Joe suddenly realizes the lives of everyone he loves are in danger and no one in law enforcement will help him.  He puts his family in a rented van and drives them to a reclusive farm in Michigan owned by an old army buddy.  On the long drive back to Tennessee, Joe realizes his only way out might be to murder Lipscomb.  Could he put his respect for the law and strong code of ethics aside to save his family?  Could he rekindle his military training to kill or be killed?  Did he have the courage and skill to face known assassins?

Reasonable Fear is another winner from Scott Pratt.  The protagonist, Joe Dillard is an ordinary Joe placed in extraordinary circumstances… imperfect and likable with a strong code.  The plot is dynamic, plausible and suspenseful… good stuff!  Now on to the next installment.

Monday, June 6, 2016

Once Was Lost by Matthew Iden

Once Was Lost is Matthew Iden’s sixth book in his Marty Singer series.  Marty is a fifty something retired D.C. homicide detective who is recovering from colon cancer.  His live-in girlfriend, Julie is a lawyer and he looks out for Amanda, a twenty something social worker who has become like an adopted daughter to him.  Marty dabbles unofficially in P.I. cases since his retirement.

Tommy Dolan is trying to escape from his Philadelphia mobster Uncle Patrick for agreeing to testify against him.  Tommy’s wife, Grace is kidnapped in public by the Dolan gang and is presumed dead.  Tommy had agreed to enter the witness protection program with his son, Bobby but he just doesn’t trust the Feds and tries hiding out at the shelter where Amanda works.  Julie and Amanda team up on Marty and encourage him to help Tommy and Bobby permanently disappear on their own.  Marty knows some folks in the biz and a skiptrace pal advises them on how to hide out without discovery.  After intense instruction, Tommy and Bobby leave for parts unknown… unknown even to Marty.

Then Grace appears with a different story about Tommy’s intensions.  She wants her son back and convinces Marty to help.  Marty feels like a sucker for believing Tommy and agrees to try and find him.  A US marshal also appears looking for Tommy.  Marty has reason to believe the marshal is working for the Dolan gang and tries to divert him.  Not sure who are the good guys and who are the bad, Marty has to use his training and intuition to figure it out.  But that requires some bumps and bruises to his body as well as his ego and puts him in the middle of a federal investigation, a mob family and a questionable victim.

Two years ago, I was thrilled to discover Iden’s Marty Singer series.  Iden’s descriptive prose and easy to like protagonist made for satisfying mysteries.  But Once Was Lost is a little different.  Marty is gullible, wishy washy, and less sure of his values which I think is out of character for the Marty of the previous five novels and for a former police detective.  Granted Marty Singer does not have the cynical, black vs white nature of the stereotypic ex-policeman but he does have the suspicious nature and powers of observation that the police training instills.  For this reason, Marty’s gullibility just doesn’t ring true for me and that is disappointing.  Hopefully, that is redeemed in the next Marty Singer installment.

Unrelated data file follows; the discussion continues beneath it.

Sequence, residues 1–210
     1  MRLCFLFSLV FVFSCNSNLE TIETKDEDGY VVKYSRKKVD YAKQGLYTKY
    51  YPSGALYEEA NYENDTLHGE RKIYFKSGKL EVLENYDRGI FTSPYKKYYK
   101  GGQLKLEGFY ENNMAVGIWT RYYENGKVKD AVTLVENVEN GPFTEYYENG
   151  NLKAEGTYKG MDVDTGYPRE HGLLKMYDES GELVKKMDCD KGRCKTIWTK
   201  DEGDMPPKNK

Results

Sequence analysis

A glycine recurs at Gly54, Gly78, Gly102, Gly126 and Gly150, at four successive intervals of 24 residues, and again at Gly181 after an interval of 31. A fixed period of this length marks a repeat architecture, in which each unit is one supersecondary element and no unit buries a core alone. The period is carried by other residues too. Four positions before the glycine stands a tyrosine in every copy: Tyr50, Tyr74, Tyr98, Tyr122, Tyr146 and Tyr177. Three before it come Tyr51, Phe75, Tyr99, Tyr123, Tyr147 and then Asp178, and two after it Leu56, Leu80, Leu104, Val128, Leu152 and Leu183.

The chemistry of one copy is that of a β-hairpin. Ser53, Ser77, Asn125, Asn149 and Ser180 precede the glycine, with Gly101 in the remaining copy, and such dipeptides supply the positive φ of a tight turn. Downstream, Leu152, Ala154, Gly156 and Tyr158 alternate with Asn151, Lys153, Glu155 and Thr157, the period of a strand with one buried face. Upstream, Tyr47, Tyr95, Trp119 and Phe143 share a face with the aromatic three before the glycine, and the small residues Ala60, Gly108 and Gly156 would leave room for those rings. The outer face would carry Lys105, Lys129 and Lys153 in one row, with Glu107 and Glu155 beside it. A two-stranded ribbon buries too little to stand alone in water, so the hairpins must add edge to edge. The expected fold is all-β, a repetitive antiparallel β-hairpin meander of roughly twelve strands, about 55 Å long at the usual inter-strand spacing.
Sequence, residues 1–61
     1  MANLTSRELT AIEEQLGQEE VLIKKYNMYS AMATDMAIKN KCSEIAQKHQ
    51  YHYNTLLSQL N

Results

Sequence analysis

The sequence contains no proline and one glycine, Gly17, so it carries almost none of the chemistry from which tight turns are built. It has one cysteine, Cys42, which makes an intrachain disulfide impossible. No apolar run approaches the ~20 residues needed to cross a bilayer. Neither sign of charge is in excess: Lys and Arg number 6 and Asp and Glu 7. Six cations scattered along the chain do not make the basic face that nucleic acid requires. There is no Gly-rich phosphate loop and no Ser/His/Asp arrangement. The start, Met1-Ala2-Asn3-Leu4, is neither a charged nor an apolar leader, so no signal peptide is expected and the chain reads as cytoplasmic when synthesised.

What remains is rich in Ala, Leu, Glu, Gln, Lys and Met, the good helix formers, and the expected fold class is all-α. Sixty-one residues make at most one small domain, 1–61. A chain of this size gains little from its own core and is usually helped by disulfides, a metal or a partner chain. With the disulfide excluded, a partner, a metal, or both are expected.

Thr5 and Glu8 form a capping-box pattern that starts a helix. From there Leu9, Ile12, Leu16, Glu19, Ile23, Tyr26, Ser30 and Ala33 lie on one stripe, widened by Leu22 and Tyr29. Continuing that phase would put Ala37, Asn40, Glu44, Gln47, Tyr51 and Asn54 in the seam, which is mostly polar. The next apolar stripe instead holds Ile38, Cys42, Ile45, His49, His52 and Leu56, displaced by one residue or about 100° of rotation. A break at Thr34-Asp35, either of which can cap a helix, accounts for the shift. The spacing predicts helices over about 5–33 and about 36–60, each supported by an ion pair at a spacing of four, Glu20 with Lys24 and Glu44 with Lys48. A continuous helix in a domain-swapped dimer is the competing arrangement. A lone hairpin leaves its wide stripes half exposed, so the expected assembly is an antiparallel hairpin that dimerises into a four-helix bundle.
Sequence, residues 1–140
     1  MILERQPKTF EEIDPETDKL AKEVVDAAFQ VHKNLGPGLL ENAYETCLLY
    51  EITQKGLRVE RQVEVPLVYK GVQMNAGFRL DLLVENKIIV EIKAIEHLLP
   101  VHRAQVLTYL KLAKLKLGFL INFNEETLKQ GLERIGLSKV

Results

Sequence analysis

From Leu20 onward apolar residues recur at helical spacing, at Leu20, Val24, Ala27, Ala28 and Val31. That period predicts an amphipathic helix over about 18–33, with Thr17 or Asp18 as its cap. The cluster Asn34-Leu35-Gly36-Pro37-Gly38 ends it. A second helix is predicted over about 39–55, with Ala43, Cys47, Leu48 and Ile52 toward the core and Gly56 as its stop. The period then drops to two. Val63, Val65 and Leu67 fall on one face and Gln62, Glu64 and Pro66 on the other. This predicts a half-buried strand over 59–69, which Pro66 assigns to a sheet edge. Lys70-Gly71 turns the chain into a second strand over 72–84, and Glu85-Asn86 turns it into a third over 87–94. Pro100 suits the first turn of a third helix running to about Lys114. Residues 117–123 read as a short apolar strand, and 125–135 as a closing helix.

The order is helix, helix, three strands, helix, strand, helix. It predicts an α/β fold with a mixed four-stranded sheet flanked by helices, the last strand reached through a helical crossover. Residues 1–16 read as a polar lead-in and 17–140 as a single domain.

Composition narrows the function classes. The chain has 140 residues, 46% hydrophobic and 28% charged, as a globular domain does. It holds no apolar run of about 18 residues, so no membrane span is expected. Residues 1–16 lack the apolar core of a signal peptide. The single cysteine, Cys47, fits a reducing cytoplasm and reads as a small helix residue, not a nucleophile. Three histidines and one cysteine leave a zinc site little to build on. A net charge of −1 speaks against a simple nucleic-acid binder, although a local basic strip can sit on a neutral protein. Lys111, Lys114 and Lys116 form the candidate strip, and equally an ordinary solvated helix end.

Saturday, June 4, 2016

The Domino Game by Greg Wilson

Part 1
The new Russia has a whole new breed of bureauocrat, or crime boss. What's the difference. The new Mafiya works both sides of the street. Prostitution and the board room. Laundered money buying stock and eventual ownership, particularly in companies providing services and products to the US military-industrial complex. And the best way to do that is to buy influence from a former Ambassador now lobbyist.

Nikolai Aven is Russian FSB, a cop. An unusual cop. One with honor. He and his partner Vari are investigating one of the new oligarchs is Marat Ivankov. Former army who made it out with a knack for hustling, killing, investing, and buying influence. Billionaire. In their investigation, the stumble across a video that shows Ivankov doing his best arm twisting of some current Politburo members. Having the video is a problem. No way to know who to tell given Ivankov's reach. Vari suggests talking with Jack Hartman, CIA station chief.

Hartman is a bit of an expert on Russian crime bosses. Realizes the tapes could be an important link to Russian influence peddling in the US. Tells his contacts in Langley that Aven and his family need to be given assylum . . . now. Promises Aven to get them out the next night. But Langley says no.

Hartman decides to go it alone, but Aven is yanked from his apartment and tried for treason, sentenced for 20 years in the gulags.